TPI, also known as threads per tire, forms protection for the outer casing of your tire and is especially important for finding the best tires for enduro bikes. Since you’ll be riding in rough conditions, I recommend a lower TPI around sixty.
Lower threads per tire provide more traction and stability, which is ideal for muddy conditions. In addition, a layered thread can provide even more traction. Not that they hire the TPI, the more lightweight, and the more suited for uphill or racing.
Tire compounds are also important for biking stability. I most recommend dual compounds, if possible. Dual compounds combine grip and durability while allowing you to make more difficult turns.
Lugs, or knobs, work alongside tire tread to provide either traction, speed, or stability. I recommend high-profile tires, which have a raised texture and provide side gripping for rocky terrain.
Medium profile will work as well but avoid low profile lugs, which are far more suited for road biking and XC bikes. You’ll also want to opt for wider-spaced lugs, which do better with mud, snow, and more.
Tubed vs Tubeless
Another criteria I always consider is whether to invest in tubed or tubeless mountain bike tires. While tubeless tires are more expensive and require more upkeep, they’ll provide a better riding experience for enduro bikes. Unlike tubed tires, which can lose shape when you encounter a rock, tubeless tires have sealant and tend to keep their form.
They also are ridden at a lower pressure level than tubed tires, which means you’ll have a more direct interaction between the tire and the ground. Better traction, less flats, and even less weight with still great traction are just a few reasons why I’d spend more for a tubeless tire.
Finally, for the best enduro bike tires, I like to make sure that the company is reputable, the price is reasonable, and there is some sort of warranty or return policy.
Is Maxxis Aggressor the best tire for you?
Say you’ve bought your enduro/ all-mountain bike, or even have a trail bike, and are looking for a tire upgrade. Maxxis Aggressor, as a relatively new mountain bike tire on the market, caught my eye, touting itself as the “new standard” for enduro tires. I wanted to see if it lived up to its name. Here’s what you need to know–and my take on the Maxxis Aggressor.
Tire Size and Tire Beads
The Maxxis Aggressor comes in my preferred 29-inch tire size, well suited for enduro/ all-mountain and rough trail riding, with a heavier but not too heavy frame, and improved traction vs a 27.5-inch wheel. It’s designed for ‘loose conditions’– in other words, loose dirt, debris, and other obstacles on difficult terrain.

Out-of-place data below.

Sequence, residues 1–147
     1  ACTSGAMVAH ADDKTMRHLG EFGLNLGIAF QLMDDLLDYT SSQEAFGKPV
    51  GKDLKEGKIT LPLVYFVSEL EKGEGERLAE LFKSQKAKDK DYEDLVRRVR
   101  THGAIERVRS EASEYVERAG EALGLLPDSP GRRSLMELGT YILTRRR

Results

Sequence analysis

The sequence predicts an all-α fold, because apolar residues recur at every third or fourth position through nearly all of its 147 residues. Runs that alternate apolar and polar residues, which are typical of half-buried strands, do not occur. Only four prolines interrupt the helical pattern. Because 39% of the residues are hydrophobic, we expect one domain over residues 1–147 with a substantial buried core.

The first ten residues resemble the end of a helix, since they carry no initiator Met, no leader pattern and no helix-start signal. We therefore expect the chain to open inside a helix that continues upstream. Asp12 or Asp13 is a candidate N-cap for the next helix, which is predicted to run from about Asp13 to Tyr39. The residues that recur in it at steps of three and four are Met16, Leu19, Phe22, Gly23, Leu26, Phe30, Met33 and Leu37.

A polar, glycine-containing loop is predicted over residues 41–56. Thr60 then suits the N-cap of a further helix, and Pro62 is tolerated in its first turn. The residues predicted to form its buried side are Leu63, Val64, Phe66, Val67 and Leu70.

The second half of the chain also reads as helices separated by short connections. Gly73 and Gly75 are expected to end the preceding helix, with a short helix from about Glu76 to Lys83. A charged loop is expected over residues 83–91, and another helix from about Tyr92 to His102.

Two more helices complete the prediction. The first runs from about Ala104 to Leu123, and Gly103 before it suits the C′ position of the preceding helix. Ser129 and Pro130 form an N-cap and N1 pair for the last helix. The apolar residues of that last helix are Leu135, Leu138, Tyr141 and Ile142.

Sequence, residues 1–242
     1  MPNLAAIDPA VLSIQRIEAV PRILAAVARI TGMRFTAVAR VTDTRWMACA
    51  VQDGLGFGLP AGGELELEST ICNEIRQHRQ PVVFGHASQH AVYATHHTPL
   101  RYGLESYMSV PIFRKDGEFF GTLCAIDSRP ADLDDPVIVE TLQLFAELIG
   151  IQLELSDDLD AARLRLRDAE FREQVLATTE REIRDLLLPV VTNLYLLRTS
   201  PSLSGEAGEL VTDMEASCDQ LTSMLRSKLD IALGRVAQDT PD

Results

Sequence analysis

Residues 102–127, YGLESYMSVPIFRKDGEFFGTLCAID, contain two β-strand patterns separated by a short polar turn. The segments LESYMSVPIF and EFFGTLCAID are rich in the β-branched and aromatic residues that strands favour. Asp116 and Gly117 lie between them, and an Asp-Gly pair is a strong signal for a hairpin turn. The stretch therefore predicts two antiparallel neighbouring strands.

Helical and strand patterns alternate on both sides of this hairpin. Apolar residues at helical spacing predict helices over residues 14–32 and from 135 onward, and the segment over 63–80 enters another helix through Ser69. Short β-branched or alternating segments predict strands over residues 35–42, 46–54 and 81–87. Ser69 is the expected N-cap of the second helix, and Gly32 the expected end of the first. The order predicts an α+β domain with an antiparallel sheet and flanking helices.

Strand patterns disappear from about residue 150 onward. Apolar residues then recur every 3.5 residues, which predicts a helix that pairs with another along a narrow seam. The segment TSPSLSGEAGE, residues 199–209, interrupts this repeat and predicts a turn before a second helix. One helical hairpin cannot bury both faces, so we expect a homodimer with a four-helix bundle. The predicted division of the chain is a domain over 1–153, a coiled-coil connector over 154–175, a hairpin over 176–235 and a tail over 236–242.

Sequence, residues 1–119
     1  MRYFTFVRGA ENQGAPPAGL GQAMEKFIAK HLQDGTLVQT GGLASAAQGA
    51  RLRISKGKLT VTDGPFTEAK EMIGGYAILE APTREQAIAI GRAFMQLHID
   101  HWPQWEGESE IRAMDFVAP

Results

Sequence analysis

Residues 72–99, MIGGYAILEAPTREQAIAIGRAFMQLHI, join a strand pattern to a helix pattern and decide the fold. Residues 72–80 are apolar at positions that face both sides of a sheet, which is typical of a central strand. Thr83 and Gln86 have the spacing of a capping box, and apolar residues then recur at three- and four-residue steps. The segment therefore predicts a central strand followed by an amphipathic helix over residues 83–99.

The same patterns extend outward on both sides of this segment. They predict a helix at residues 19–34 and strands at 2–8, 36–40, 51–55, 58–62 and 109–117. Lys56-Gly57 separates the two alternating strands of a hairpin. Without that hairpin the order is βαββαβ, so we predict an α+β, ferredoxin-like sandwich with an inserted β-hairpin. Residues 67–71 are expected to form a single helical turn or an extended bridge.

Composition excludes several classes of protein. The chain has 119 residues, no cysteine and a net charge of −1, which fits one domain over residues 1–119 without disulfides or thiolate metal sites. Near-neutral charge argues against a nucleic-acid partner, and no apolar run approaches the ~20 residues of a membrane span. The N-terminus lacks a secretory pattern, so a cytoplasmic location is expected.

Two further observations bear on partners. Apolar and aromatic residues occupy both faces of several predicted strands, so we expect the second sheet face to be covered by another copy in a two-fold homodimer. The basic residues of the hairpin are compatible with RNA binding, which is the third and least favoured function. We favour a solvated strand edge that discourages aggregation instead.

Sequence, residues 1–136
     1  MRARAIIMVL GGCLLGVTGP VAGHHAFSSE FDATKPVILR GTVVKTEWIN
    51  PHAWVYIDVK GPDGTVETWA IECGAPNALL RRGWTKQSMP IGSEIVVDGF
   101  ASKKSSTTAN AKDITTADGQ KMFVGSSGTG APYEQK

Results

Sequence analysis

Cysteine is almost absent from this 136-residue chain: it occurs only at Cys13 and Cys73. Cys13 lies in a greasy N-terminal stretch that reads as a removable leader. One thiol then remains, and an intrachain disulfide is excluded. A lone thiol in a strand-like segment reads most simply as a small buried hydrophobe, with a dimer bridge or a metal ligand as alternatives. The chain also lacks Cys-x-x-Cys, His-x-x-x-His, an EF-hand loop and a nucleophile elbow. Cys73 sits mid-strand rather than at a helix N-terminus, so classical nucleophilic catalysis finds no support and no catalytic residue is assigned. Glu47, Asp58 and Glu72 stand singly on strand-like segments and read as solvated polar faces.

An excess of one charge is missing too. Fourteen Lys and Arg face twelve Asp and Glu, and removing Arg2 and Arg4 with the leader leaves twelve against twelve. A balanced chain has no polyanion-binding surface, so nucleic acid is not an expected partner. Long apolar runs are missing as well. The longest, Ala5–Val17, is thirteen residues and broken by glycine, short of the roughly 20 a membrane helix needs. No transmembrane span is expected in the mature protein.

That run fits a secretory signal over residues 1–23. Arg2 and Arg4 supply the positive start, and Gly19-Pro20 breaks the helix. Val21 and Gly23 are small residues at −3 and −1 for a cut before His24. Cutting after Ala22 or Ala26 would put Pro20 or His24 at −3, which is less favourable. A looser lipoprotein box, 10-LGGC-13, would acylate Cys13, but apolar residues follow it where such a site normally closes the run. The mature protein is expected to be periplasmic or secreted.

For the tire beads, they’re foldable, making them flexible for loose terrain, and more equipped to move with you, and I prefer synthetic rubber for managing wet conditions, easy repair, and easy upkeep. Overall, both the tire size and style of tire beads are positive features for the Maxxis Aggressor.
Threads Per Tire
The Maxxis Aggressor features what I’d consider ideal for threads per tire, or TPI. At 60 TPI, you get the perfect balance for harder conditions, with plenty of traction capability without going to excess.
Tire Compounds and Tire Lugs
For tire compounds, Maxxis Aggressor also excels. The wheels are equipped with dual rubber compounds, further complemented by a rugged tread pattern. The tread design itself includes side knobs to provide extra support for turns, while the hard, stable edges do double duty for loose terrain.
Together, the knob and compound design, along with the tread, is well suited for even the most challenging trails. Of course, this sort of design would not be practical for casual trail riding, and especially not for road or XC– it’ll feel heavier, and will be more difficult to accelerate.
Tubing and Casing
Another great feature for the Maxxis Aggressor is that it’s tubeless compatible. Easily made tubeless, you can ride at a low pressure level, and with more direct, close contact with the trails. That only means even more traction and stability for your ride.
Plus, your tire comes with protective casing with what is termed as wide trail riding (with 30-35 mm interior rims). Wide trail riding, and rims designed for it, helps optimize your riding experience by allowing you to ride at even lower tire pressures. This reduces your risk for flat tires– an important consideration if you’re using an enduro mountain bike.
This is also a great fit even for those less used to enduro biking, as the adding traction and width works with the tread pattern and provides a more generous ride– with more room for error on the rider’s part.
Pricing and Policies